Vermeil, Silver, Black Enamel and Ruby Pill Box, Van Cleef & Arpels, Paris, Circa 1930
Dutchman Alfred Van Cleef and his father-in-law, Salomon Arpels, founded the renown firm in 1896 that still thrives today. Their design innovation and technical ingenuity was recognized with the grand prize at the International Exposition of Modern Industrial and Decorative Arts in 1925. A year later, Alfred's daughter Renee Puissant assumed the company's artistic direction.
In December 1933, Van Cleef & Arpels received a French patent (number 764966) for a proprietary gem setting style that would secure their preeminence as one of the greatest jewelry houses of all time. Called Serti Mysterieux or "Mystery Setting", the setting features prongs that are invisible. Gold rails less than two-tenths of a millimeter thick hold each stone. This also helped them gain fashion icons Grace Kelly, Jacqueline Kennedy Onassis, Diana, Princess of Wales, Ava Gardner, Elizabeth Taylor, Eva Peron, and the Duchess of Windsor as steady clients. Queen Nazli of Egypt commissioned Van Cleef & Arpels to craft her crown in the 1930s. In 1966, the firm secured the commission for Empress Farah Pahlavi's coronation crown.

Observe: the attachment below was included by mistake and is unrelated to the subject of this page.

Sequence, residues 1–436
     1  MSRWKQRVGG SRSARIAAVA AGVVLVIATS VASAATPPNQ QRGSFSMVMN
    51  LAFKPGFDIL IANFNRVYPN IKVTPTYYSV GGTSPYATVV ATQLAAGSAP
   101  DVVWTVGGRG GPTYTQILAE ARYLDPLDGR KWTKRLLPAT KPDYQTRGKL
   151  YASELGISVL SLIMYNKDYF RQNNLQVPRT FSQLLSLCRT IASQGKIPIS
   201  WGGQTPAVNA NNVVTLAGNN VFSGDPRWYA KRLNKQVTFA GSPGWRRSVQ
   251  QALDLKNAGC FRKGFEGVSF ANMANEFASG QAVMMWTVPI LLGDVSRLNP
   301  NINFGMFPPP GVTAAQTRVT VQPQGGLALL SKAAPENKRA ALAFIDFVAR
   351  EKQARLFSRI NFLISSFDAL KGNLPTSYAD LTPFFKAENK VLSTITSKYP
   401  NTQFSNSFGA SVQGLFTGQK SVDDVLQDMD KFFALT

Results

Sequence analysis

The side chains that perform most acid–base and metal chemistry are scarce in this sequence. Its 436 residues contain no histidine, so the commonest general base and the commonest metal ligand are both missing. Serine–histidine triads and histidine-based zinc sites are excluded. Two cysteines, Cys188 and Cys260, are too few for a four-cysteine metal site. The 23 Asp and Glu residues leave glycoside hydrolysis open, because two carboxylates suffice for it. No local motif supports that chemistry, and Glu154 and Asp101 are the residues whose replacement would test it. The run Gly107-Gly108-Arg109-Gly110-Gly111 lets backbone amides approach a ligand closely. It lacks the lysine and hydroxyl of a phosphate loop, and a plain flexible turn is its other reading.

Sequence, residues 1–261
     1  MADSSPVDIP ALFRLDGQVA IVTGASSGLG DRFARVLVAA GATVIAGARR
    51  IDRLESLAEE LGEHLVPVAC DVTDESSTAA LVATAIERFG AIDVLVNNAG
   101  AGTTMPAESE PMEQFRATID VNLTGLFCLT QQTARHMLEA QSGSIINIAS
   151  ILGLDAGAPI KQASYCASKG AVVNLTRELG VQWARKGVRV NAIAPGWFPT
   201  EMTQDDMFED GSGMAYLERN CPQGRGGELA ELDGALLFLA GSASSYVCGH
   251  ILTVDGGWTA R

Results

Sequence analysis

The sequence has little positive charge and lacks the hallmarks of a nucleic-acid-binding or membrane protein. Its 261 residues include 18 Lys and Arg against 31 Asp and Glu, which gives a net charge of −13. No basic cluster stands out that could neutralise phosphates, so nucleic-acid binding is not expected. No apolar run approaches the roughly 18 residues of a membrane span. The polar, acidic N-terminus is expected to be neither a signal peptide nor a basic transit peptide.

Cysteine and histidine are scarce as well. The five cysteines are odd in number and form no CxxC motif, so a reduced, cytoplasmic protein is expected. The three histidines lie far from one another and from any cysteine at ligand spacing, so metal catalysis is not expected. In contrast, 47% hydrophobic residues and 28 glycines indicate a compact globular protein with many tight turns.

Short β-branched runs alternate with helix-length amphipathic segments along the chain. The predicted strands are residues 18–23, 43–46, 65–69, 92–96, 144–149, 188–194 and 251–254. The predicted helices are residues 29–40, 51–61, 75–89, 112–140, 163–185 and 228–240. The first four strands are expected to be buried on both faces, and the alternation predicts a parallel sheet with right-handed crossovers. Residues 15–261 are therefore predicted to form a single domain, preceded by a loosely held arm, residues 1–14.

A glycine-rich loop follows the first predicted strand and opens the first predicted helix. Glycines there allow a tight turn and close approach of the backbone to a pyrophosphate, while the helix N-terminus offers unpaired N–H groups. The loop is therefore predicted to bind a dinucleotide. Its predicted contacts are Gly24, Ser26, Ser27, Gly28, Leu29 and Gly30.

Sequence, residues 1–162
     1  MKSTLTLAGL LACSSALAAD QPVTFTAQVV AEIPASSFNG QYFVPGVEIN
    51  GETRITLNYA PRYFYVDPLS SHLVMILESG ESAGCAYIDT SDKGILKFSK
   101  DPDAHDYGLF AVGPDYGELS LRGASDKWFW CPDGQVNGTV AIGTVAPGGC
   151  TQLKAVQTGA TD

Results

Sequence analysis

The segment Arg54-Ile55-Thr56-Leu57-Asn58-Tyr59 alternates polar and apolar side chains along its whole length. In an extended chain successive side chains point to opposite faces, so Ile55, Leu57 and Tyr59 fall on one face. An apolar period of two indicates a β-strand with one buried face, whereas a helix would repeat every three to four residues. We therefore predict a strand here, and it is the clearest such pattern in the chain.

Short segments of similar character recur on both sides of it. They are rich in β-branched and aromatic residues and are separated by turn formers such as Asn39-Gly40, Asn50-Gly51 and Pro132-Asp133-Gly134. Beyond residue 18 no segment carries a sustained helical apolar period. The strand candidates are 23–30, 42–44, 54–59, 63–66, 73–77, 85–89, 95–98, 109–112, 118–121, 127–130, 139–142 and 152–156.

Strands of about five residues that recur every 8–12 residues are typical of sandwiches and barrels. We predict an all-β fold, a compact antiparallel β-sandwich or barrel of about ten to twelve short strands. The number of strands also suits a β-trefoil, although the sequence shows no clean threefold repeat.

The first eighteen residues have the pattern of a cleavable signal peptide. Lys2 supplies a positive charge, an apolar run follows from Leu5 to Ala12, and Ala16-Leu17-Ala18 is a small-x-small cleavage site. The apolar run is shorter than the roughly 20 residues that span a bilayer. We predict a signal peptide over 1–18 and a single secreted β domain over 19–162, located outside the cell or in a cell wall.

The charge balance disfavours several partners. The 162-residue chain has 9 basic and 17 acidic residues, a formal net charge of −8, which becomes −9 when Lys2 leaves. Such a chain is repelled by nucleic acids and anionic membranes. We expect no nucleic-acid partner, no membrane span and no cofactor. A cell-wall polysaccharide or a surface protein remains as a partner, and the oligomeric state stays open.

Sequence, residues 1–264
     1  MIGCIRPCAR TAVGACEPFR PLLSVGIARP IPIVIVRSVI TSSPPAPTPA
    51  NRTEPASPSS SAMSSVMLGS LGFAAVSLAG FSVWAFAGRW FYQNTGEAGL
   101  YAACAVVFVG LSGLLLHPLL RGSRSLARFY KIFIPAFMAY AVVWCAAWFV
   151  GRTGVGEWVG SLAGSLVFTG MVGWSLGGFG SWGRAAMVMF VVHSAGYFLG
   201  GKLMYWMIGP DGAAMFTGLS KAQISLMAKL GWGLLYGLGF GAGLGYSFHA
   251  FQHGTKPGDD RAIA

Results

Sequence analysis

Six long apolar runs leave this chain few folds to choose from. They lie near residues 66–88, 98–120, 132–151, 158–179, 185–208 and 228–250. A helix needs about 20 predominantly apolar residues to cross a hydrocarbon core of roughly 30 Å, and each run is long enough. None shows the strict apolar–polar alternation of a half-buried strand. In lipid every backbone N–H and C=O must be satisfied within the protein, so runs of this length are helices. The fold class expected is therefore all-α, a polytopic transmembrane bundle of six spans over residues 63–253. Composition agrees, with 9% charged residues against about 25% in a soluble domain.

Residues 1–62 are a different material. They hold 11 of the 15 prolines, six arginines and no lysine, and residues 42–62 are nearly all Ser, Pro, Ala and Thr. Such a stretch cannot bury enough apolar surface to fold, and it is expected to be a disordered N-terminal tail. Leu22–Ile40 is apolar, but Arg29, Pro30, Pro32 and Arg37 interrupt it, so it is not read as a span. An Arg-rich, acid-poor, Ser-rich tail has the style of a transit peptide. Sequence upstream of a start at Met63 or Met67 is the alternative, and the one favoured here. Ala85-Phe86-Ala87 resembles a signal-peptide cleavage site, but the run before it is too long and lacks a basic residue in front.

3/8" height, 1 1/4" length, 1 7/8" width